Daniel Brown reflects on the still life painting of Sheldon Tapley.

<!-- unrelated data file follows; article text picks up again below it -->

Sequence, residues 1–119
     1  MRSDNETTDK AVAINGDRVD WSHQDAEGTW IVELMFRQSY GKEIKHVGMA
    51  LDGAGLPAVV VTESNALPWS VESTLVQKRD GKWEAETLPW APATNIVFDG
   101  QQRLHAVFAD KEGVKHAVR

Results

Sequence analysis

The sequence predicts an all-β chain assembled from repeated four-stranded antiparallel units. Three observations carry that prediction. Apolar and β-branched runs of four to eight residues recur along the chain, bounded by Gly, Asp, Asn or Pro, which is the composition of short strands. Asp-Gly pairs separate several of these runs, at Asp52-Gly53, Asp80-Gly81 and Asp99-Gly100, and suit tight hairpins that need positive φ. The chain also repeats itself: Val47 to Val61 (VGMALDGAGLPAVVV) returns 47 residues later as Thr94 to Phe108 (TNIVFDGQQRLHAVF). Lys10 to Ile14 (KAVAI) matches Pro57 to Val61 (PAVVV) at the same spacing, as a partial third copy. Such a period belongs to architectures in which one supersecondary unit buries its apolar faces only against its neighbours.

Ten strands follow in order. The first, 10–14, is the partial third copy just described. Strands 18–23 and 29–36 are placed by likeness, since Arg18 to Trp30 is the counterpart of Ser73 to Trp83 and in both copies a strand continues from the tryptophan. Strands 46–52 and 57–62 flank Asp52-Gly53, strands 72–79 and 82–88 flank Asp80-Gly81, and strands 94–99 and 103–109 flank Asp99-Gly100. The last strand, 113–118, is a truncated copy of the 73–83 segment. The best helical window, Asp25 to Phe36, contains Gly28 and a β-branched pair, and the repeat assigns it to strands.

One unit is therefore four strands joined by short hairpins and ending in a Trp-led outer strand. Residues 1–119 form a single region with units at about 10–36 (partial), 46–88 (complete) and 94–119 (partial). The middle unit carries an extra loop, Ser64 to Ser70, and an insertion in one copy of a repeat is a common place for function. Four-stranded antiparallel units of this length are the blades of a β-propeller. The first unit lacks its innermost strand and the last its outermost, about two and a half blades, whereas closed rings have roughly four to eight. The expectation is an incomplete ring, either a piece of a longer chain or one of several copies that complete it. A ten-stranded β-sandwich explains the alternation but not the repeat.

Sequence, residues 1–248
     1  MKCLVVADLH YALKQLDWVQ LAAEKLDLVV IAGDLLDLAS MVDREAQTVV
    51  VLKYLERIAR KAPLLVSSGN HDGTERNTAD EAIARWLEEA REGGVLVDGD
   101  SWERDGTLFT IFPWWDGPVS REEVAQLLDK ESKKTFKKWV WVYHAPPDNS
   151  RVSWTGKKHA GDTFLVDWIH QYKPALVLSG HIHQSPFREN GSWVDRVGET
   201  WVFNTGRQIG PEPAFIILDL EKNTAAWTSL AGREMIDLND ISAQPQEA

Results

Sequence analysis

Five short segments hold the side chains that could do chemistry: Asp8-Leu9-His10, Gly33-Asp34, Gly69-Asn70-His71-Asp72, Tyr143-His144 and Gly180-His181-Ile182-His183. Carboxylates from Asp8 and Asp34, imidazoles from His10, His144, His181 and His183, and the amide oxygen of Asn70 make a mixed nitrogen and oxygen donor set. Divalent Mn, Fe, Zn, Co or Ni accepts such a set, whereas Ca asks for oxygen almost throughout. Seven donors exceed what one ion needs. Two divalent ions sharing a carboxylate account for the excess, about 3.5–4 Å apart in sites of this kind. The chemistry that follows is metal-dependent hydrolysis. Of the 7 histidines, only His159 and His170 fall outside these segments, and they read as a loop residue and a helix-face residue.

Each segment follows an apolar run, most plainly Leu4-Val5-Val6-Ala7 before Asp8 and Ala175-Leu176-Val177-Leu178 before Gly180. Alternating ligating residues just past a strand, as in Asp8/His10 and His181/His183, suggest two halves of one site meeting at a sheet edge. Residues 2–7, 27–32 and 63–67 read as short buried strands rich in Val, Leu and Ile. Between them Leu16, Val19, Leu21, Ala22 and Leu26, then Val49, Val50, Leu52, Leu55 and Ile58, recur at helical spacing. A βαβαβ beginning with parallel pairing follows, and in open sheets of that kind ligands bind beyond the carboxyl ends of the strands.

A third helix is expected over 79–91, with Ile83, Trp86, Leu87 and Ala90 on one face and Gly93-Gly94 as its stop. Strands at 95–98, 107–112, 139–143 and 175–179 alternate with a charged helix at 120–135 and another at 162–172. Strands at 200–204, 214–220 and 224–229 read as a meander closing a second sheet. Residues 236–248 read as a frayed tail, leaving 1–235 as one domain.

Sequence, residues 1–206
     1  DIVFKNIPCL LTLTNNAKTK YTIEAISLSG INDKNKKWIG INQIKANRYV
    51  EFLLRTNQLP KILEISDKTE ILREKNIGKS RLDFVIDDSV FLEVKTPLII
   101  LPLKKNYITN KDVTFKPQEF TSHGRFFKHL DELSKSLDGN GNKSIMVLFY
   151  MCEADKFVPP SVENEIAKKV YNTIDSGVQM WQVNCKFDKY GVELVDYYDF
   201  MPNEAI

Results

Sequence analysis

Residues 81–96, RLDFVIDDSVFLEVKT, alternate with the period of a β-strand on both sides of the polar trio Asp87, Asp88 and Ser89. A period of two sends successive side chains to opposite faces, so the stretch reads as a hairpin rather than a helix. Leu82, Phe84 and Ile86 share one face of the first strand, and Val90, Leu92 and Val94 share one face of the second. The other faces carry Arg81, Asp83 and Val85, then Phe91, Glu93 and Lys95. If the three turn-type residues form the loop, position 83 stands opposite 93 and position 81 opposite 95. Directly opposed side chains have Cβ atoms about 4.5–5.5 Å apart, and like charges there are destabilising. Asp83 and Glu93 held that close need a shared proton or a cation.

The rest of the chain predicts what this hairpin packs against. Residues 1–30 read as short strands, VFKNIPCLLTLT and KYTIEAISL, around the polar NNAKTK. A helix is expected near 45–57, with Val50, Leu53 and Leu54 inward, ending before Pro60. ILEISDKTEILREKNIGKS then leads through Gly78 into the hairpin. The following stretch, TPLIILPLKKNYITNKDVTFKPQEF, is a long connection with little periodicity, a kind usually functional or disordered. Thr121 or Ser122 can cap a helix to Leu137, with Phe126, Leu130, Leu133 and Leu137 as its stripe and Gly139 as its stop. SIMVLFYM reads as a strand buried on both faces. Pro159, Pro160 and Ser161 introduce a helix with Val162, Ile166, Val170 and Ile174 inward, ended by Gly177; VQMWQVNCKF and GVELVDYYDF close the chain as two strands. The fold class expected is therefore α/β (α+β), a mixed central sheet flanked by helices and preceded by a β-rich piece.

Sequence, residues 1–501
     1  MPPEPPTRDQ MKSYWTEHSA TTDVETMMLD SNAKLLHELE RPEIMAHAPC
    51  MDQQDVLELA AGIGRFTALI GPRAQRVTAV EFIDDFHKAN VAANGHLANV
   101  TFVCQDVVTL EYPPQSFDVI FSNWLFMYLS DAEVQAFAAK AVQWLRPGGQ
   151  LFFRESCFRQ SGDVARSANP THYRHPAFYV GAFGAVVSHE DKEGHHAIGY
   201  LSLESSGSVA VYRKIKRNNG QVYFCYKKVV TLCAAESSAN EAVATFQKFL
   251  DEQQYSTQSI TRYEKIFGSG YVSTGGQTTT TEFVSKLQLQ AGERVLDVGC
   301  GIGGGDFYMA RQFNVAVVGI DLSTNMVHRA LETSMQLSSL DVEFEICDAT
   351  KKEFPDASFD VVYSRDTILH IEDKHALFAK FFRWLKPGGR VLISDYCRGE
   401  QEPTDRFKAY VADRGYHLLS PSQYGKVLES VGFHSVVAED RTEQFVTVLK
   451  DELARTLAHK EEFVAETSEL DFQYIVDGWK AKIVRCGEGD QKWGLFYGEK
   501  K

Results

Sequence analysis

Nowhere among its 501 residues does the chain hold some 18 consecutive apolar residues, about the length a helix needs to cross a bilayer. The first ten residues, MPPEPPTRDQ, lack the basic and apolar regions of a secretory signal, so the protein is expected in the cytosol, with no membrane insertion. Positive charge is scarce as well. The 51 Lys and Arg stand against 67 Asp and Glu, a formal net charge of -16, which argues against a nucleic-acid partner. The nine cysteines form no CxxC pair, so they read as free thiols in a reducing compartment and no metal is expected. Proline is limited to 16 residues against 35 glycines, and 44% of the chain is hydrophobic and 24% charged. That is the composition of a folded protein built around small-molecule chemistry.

Brown writes: "... Tapley loves to 'pack' his compositions - reminding us that he matured under the aegis of Abstract Expressionism. Working in the realist idiom challenged him to flatten the pictorial space to make an object seem 'present,' a tactic he learned from looking at Cézanne. Tapley designs his works as pieces of stagecraft. There's a flagrant exhibitionism afoot, as well as an exuberant physicality - a veneration of life's cornucopia of foods, fabrics and fleshes. When he weaves aspects of Matisse and Cézanne into the typologies of the Baroque masters, we know we're in the presence of an artist who veers dangerously - tilting picture planes towards us, as if the players/objects were walking off the stage into the audience."